Infrared photography has long been a subject of fascination for me. Last year, I wrote about my experience shooting and developing Rollei Infrared 400 film, and concluded that while interesting, infrared film is too much of a hassle for me to pursue infrared film photography routinely. Since then, I have not bothered buying any more rolls of infrared film. Digital infrared is another story, however.
All digital cameras, except for those made specifically for shooting infrared, have an infrared cut filter in front of the sensor that eliminates most infrared light. A notable exception is the Leica M8, which due to a design flaw allows infrared light to pass to such a degree as to give a magenta cast to some darker colors. You can correct the flaw by putting and infrared cut filter on the lens, an awkward but still reasonable work-around, and Hamish has written about this.
Many M8 shooters, however, prefer to take advantage of the flaw for infrared photography deliberately, putting an infrared filter on the lens instead. Note that an “infrared” lens filter, counter-intuitively named, does not cut infrared light, but rather cuts visible light and allows infrared light to pass through, which is what you want for infrared photography. An infrared cut filter does the opposite, cutting only infrared light.
If you want an infrared digital camera, apart from buying a Leica M8, your best option is to have a regular digital camera modified to have its infrared cut filter removed. Those who are technically inclined can perform the surgery themselves. Most of us however are better off calling on a professional service for this purpose for a few hundred dollars, and there are many from which to choose, like Kolari, Lifepixel and Maxmax, all of which are in the United States.
However, if you are not quite ready to sacrifice one for your digital cameras on the infrared photography altar, you can do infrared photography with an unmodified camera but with some limitations.
The reason infrared photography is possible with an unmodified camera is that the infrared cut filters in digital cameras don’t remove all infrared light, but rather only most of it. Some infrared light still gets through, but not enough to make a significant difference to the image recorded by the sensor. So you can give infrared photograph a go with a standard digital camera and an infrared filter, but like I said, with some restrictions.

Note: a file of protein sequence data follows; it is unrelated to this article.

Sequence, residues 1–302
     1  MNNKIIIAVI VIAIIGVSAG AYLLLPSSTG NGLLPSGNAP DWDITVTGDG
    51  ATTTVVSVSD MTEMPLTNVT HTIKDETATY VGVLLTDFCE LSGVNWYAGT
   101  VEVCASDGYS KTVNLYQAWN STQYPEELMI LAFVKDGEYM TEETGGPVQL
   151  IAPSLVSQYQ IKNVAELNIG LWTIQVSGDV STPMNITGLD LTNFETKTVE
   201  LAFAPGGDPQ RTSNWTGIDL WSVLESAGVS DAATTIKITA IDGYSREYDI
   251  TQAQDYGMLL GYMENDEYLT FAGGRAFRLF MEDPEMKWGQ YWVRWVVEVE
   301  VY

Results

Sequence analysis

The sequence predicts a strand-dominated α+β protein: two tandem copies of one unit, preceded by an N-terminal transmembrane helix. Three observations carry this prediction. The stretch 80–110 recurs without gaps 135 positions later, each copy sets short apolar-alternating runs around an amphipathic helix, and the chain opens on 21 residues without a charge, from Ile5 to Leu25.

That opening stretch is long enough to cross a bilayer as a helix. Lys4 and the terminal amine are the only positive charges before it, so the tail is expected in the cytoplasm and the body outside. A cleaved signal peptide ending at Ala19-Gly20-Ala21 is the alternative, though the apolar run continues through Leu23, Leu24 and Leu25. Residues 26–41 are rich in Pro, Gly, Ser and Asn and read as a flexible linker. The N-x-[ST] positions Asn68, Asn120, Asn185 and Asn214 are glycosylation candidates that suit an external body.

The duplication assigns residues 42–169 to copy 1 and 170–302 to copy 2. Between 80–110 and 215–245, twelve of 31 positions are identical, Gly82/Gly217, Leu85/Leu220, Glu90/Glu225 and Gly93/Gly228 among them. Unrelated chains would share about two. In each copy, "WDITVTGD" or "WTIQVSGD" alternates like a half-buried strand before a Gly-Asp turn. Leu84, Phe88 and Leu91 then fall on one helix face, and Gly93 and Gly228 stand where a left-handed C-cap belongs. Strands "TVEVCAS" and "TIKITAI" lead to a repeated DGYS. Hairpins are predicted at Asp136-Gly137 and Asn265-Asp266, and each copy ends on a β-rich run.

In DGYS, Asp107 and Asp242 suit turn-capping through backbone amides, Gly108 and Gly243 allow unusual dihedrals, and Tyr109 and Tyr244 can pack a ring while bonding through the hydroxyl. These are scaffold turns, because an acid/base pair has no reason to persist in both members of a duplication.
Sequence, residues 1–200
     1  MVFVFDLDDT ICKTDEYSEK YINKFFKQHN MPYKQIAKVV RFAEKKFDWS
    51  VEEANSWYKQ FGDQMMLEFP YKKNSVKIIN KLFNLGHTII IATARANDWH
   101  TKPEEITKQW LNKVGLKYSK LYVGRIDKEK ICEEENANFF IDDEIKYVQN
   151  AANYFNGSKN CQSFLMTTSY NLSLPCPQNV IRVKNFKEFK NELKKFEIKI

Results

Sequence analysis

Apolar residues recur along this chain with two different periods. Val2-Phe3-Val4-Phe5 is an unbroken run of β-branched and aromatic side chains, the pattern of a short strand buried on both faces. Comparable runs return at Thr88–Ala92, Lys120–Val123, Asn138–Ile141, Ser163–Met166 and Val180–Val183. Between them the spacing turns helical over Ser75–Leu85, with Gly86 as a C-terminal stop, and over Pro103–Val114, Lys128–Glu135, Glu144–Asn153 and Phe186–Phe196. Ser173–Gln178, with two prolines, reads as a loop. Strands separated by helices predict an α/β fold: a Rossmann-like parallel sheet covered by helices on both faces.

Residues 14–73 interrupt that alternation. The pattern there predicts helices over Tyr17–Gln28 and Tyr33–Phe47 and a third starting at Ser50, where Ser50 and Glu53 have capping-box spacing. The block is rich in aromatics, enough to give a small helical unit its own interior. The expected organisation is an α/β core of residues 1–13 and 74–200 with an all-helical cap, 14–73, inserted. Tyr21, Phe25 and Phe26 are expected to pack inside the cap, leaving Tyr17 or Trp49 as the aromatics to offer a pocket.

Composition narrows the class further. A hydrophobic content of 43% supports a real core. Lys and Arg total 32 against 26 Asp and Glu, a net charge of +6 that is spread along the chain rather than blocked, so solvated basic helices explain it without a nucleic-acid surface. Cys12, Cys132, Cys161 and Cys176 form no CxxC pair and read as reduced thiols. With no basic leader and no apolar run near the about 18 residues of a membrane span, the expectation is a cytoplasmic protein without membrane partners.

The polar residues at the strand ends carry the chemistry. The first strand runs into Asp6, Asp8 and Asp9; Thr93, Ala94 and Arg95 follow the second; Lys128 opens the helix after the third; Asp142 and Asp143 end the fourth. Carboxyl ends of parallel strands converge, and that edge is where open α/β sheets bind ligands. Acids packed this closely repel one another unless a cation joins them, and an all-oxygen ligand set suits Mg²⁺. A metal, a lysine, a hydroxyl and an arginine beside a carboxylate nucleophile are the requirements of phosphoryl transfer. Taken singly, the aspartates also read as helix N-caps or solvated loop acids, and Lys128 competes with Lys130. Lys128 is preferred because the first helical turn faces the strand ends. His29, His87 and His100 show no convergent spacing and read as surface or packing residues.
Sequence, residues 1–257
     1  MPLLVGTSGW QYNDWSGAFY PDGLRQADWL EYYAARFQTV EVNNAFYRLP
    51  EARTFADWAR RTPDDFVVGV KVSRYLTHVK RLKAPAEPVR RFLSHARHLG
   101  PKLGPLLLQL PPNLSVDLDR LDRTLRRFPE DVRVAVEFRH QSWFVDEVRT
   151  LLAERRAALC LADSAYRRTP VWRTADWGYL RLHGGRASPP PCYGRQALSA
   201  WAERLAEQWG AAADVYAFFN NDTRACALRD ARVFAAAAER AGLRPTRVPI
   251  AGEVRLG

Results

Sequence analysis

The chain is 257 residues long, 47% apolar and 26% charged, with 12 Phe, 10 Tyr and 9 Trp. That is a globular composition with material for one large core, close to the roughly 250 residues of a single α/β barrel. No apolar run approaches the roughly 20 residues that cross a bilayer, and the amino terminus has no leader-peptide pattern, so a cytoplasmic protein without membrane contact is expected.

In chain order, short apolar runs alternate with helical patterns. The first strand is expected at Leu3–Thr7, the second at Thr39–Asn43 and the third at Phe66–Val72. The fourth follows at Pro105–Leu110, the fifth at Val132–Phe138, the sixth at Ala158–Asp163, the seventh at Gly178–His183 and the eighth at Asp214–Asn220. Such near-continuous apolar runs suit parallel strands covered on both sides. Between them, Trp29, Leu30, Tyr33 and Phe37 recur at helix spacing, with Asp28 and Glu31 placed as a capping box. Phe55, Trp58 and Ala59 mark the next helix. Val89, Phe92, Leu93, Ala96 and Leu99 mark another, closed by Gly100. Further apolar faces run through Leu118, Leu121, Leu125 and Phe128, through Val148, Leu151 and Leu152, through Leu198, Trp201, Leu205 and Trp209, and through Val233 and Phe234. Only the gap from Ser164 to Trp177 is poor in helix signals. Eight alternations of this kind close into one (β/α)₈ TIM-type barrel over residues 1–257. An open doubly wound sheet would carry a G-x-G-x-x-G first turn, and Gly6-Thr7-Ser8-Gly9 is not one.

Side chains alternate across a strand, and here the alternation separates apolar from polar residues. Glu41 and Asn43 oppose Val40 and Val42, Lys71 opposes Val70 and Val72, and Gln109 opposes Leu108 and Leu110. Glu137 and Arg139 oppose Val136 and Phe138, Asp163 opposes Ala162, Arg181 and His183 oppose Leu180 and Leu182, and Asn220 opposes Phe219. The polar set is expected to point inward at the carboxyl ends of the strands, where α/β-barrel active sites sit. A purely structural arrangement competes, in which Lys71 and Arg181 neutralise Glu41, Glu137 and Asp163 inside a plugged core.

Given that an infrared filter on your lens cuts most, but not all visible spectrum light and the infrared cut filter on the sensor cuts most, but not all, infrared light, some infrared light does manage to pass through. It’s just that you can expect visible light to be cut by five or six stops by the infrared filter compared to whatever you might see on the visible spectrum. Infrared light is likely cut by about the same amount by the infrared cut filter, but your light meter won’t measure for it, so at best, exposure is a good guess and usually close enough. You might have to do some tweaking in post-processing. In any case, be prepared for long exposure times. Don’t forget your tripod!
Focusing when shooting infrared is also a bit of a challenge. Because of the wavelength difference with visible light, the focal distance of infrared light is not the same. Some older manual focus lenses have markings on them for focusing for infrared, but most newer lenses don’t. I dealt with this problem by attaching an EVF viewer to the Leica M240, so I could use the focus peeking function and avoid the problem altogether. That worked just fine as long as my exposure times were not exceedingly slow.
However, when exposure times were more than a few seconds, the EVF displayed nothing but black, even though the photos themselves came out fine. I dealt with that by first focusing with faster exposure times, and then making the adjustments I wanted. However, I found that for my purposes shooting outside in good light, ISO 1600 and f/5.6 at 1/30th or so most of the time was plenty fast for the EVF to be useful. I imagine the same would work for you as well, with whatever digital camera you might use.
The photos in this article I shot with a Leica M240, a Leica Elmarit-M ASPH. 28mm f/2.8, and a C&G R720nm infrared filter. Most of the exposure times were between 1/15th and 1/30th of a second at f/5.6 and ISO 1600. I set the camera to save both DNG and monochrome film simulation JPEGs. The JPEGs came out pretty good with no processing, but I preferred the results with the DNG files and a small amount of processing, no more than a minute or so per frame.